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Vol.2,December 2014

Ryuta Nomura

Chairman of the board, Chief Executive Officer Central Institute for Experimental Animals (CIEA)

Background and recent research

The Central Institute for Experimental Animals (CIEA) was founded in 1952 by my father Tatsuji Nomura, a young medical researcher at the time, who at the time recognized the need for laboratory animals to obtain reproducible data for medical research and drugs. CIEA is a ‘public interest incorporated foundation ‘with the mission developing a stable supply of high quality laboratory animals and conduct research on human diseases and clarify their cause with laboratory animals as live measurement standards.

After graduating from Keio University Medical School, my father Tatsuji Nomura was confronted with the reality that a stable supply of high quality laboratory animals was critical for achieving reproducible results in medical research. This was just after the end of the 2nd World War when there was a dire need for the development of drugs to treat disease and medical ailments in Japan. So he decided to establish CIEA.

The history of CIEA can be divided into two phases. The first 40 years was focused in producing a stable supply of ‘reproducible laboratory animal systems’. We received support and donations from many organizations overseas including the Ford Foundation in the USA.

Based on this infrastructure, the next 20 years was spent developing unique laboratory animal systems that only CIEA could produce.

Examples include the polio mouse that is used to test the safety of live polio vaccines. This mouse is important because vaccine manufacturers must test their vaccines before starting mass production. Historically, monkeys were used for such testing. But there were requests to conduct these tests using mice. So we worked with researchers in Japan and the FDA in the USA to develop a vaccine. We then took this vaccine to the World Health Organization (WHO) for further collaborative development. As a result, the polio mouse is now officially certified by WHO as a test animal as part of the WHO world polio eradication program.

It took 20 years to produce this world standard. The time taken to produce one laboratory animal is about the same time it takes to produce a new drug. Almost all world standards are developed in the USA. I want to emphasis that the polio mouse is a world standard that was developed in Japan.

The development of many different types of drugs has extended human life expectancy. The next challenge is to improve the quality of life by conducting research on neuroscience (brain science) to treat ailments such as Alzheimer’s disease. We are developing marmosets for neuroscience research. In 2009 the results of our research on genetically modified marmosets was published in Nature with a photograph of one of our marmosets on the cover. These genetically modified marmosets are critical as animal disease models for developing treatments for Parkinson’s disease.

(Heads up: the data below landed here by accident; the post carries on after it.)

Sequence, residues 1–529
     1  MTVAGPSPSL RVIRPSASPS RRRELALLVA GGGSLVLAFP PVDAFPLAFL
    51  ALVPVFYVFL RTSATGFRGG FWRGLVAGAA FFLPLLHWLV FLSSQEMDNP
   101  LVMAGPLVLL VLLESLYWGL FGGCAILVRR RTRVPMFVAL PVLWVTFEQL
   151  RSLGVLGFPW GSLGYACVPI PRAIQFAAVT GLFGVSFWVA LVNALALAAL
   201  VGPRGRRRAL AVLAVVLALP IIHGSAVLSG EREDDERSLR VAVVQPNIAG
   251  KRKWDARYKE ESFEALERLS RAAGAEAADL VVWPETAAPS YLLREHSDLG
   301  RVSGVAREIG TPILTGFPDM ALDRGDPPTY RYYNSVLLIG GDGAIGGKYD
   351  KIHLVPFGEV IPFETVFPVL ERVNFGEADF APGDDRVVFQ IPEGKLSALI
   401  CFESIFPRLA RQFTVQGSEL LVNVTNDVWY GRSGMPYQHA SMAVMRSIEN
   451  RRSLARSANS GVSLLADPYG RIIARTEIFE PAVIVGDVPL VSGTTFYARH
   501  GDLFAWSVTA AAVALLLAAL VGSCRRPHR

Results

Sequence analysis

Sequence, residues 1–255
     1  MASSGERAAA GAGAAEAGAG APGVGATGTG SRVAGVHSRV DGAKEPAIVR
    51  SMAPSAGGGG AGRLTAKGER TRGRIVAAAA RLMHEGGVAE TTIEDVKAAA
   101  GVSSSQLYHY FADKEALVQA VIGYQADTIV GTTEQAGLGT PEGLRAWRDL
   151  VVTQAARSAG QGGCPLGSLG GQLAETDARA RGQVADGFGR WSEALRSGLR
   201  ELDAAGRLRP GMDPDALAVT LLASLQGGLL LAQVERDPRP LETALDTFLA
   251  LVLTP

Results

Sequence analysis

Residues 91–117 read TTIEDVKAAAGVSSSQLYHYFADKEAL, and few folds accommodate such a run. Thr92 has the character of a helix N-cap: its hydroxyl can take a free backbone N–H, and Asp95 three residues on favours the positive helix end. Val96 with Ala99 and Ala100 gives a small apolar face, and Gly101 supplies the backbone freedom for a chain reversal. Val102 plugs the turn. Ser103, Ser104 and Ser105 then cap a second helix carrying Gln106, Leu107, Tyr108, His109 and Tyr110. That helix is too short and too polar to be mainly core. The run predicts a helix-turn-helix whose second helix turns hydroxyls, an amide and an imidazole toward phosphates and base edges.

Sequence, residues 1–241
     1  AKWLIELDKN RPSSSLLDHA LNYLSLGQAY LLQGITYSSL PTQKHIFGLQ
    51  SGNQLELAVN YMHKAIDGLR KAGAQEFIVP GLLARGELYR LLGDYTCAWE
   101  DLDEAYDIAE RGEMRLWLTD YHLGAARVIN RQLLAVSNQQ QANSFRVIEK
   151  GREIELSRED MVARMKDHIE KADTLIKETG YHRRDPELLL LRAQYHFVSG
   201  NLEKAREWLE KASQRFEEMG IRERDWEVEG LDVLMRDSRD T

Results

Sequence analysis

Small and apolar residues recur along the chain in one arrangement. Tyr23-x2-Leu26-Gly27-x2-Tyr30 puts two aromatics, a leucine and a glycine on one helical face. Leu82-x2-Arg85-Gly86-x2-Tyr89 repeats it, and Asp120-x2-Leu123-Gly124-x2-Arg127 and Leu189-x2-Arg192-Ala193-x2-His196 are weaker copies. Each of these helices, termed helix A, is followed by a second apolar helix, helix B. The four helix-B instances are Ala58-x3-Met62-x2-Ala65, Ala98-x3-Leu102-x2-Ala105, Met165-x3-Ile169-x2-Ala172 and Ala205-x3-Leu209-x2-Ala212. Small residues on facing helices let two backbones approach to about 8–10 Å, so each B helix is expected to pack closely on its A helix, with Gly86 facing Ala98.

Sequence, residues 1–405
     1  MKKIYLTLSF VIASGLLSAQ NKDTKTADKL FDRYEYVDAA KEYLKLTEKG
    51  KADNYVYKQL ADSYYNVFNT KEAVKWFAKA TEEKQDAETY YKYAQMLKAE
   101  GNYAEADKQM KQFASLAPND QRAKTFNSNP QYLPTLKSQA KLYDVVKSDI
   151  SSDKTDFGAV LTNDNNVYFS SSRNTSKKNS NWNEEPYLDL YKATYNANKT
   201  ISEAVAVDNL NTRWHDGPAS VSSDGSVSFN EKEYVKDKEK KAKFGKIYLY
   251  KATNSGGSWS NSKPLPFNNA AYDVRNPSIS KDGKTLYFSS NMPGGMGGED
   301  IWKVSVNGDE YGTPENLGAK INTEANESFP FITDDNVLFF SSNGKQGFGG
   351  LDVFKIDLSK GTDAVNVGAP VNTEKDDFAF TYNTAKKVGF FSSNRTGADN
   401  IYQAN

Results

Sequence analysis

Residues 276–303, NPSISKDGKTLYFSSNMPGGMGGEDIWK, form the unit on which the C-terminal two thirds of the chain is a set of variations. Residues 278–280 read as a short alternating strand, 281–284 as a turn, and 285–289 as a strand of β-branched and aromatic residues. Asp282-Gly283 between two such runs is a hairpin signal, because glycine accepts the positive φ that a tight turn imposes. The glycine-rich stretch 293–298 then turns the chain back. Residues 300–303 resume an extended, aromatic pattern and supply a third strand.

Development of NOG MOUSE which does not have immune systems is one of the most significant project for CIEA. It is possible to generate HUMANIZED MOUSE from NOG MOUSE. The HUMANIZED MICE are designed to have human organs or immune systems. These experimental animals allow scientists to conduct their researches with a real in-vivo experiments for human. Our goal is that the HUMANIZED MOUSE will be used for real personalized medicine at hospitals.

The CIEA was the first institute to move to Tonomachi, Kawasaki, before it was named ‘KING SKYFRONT’. The excellent location of KING SKYFRONT, with easy access to Haneda Airport and the possibility of collaborating on medical research has led to an increasing number of institutes and industries moving to this area.


We want maintain our reputation as contributing to world class research. Also, we want to collaborate with international industrial partners on finding commercial applications of our science and technology.

The development of laboratory animals at CIEA is based on what we call our ‘3R principles’. Namely, Replacement of animals with alternative methods; Reduction of the number of animals used; and Refinement of animal experiments stressing minimal pain and distress for the animals.

Specifically, we are working with Professor Okano of Keio University of regenerative medicine to treat spinal injuries. In this research, to avoid killing animals we use a special animal friendly MRI system for analysis of animal brains.

For the last 5 to 6 years we have worked with Kawasaki City to develop this area (KING SKYFORNT) into an international hub for life science research and are trying to establish the district as a show-window for Life Innovations in Japan. This Keihin industrial area of Kawasaki City was home to major blue chips heavy industry companies that were the engine that powered Japan’s economic recovery after the 2nd World War.

Heavy industry has now moved to other parts of Asia and so Japan’s future depends on the development of knowledge and intellectual property based industries. Examples of such industries include life sciences, alternative energy, and environment.

I am confident that CIEA will play a central role in the development of KING SKYFRONT as the world’s hub for basic research and applications in the life sciences.